Alexandria Digital Research Library

The Searching Self: Religious Autobiography in Pre-Colonial South Asia

Author:
Martinez, Chloe Anne
Degree Grantor:
University of California, Santa Barbara. Religious Studies
Degree Supervisor:
Vesna A. Wallace
Place of Publication:
[Santa Barbara, Calif.]
Publisher:
University of California, Santa Barbara
Creation Date:
2013
Issued Date:
2013
Topics:
Literature, Asian, South Asian Studies, Religion, General, and Biography
Keywords:
India
Conversion
Bhakti
Autobiography
Jain
Sikh
Genres:
Dissertations, Academic and Online resources
Dissertation:
Ph.D.--University of California, Santa Barbara, 2013
Description:

This dissertation investigates the ways in which the literary tools of autobiography are used to describe religious experience in pre-colonial South Asia. Arguing against a Western scholarly tradition that presents autobiography as a narrowly-defined genre produced primarily in the West and its colonial outposts, this project gathers and compares examples from a wide range of regional, linguistic, religious, and historical contexts in order to better understand what characteristics distinguish---and unite---these autobiographical expressions. We will also take three case studies---one Jain, one Sikh, and one Hindu---to illustrate some of the myriad ways in which South Asian religious autobiography functions.

This is an important and timely contribution to the study of South Asian religions and the humanities in general for three reasons. First, our analyses illustrate the multiplicity of ways in which autobiography can convey religious meaning and are used to make specific kinds of religious claims. Second, we put Western literary criticism in conversation with South Asian sources in new and productive ways, particularly regarding issues of authorship, genre, and poetic technique. Finally, our data helps to dispel the notion that autobiography---and by extension, individual subjectivity---was a colonial import to South Asia.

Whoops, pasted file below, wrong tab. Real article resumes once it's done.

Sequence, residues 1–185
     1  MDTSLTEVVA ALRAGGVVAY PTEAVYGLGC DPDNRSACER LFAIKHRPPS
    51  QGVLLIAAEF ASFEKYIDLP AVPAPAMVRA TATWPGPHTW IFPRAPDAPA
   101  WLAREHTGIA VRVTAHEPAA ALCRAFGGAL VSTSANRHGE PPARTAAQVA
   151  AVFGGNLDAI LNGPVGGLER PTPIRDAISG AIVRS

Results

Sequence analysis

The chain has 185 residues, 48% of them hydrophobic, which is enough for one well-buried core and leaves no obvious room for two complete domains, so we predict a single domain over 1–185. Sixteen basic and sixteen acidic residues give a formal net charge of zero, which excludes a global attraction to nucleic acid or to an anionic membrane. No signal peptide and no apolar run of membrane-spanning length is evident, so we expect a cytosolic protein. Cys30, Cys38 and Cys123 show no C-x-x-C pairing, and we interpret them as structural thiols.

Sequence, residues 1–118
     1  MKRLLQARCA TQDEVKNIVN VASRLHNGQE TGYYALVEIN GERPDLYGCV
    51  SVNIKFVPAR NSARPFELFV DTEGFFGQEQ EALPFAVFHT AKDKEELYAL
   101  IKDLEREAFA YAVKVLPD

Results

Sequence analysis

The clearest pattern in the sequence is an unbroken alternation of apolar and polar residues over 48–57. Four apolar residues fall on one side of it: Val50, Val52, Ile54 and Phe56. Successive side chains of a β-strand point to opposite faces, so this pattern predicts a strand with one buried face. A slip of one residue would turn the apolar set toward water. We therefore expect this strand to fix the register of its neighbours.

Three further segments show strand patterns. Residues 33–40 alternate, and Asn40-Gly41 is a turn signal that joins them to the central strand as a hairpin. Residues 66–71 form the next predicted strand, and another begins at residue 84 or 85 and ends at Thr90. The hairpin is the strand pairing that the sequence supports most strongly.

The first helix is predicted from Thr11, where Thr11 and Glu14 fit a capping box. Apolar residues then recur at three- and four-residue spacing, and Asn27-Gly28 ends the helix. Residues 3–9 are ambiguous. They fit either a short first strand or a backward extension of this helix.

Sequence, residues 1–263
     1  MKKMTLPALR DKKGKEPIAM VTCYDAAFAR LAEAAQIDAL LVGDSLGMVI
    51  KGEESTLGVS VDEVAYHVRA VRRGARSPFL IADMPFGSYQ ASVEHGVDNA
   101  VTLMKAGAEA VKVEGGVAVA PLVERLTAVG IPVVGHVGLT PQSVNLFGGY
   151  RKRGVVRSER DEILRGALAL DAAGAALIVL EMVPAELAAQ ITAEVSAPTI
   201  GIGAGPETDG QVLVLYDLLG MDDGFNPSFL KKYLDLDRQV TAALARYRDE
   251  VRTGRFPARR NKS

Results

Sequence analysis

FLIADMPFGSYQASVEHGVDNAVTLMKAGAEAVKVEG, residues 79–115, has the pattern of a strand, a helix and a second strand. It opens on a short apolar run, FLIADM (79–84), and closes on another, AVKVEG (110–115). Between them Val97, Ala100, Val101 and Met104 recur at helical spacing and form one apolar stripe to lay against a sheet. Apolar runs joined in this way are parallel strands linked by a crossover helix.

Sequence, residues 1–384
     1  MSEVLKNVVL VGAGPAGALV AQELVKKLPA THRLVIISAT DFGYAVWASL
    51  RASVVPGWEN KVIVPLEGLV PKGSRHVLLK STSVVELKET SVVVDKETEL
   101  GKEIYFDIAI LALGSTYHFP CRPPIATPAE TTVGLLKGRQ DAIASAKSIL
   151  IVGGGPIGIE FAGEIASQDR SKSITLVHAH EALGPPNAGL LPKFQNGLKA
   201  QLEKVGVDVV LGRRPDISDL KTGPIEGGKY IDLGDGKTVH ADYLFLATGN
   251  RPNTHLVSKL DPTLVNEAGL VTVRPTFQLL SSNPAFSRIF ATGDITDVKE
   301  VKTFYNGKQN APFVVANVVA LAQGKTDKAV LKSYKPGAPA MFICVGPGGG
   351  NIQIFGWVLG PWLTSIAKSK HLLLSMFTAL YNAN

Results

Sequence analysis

This project will begin with a discussion of autobiography as genre and technique, and a consideration of how that genre/technique is particularly suited to describing religious experience. Our second chapter examines a number of examples of religious autobiographical writing from pre-colonial South Asia in order to begin to form a picture of what autobiographical literature looks like in pre-colonial South Asia. Our third chapter is a case study of the Ardhakathanaka, the autobiography of 17 th-century Jain merchant Banarasidas, considering its uses of autobiography as literary technique and as polemic. Finally, we study two examples of what we will call the "autobiographical pose": works that are not, in fact, autobiographies at all, but that use the autobiographical voice. The cases for this chapter will be poems attributed to the 16th-century Hindu poet-saint Mirabai, and the 18th-century " apni Katha," a work attributed to Guru Gobind Singh, the tenth and last personal Guru of the Sikhs.

Physical Description:
1 online resource (192 pages)
Format:
Text
Collection(s):
UCSB electronic theses and dissertations
ARK:
ark:/48907/f3ff3qgd
ISBN:
9781303539657
Catalog System Number:
990040924900203776
Rights:
Inc.icon only.dark In Copyright
Copyright Holder:
Chloe Martinez
Access: This item is restricted to on-campus access only. Please check our FAQs or contact UCSB Library staff if you need additional assistance.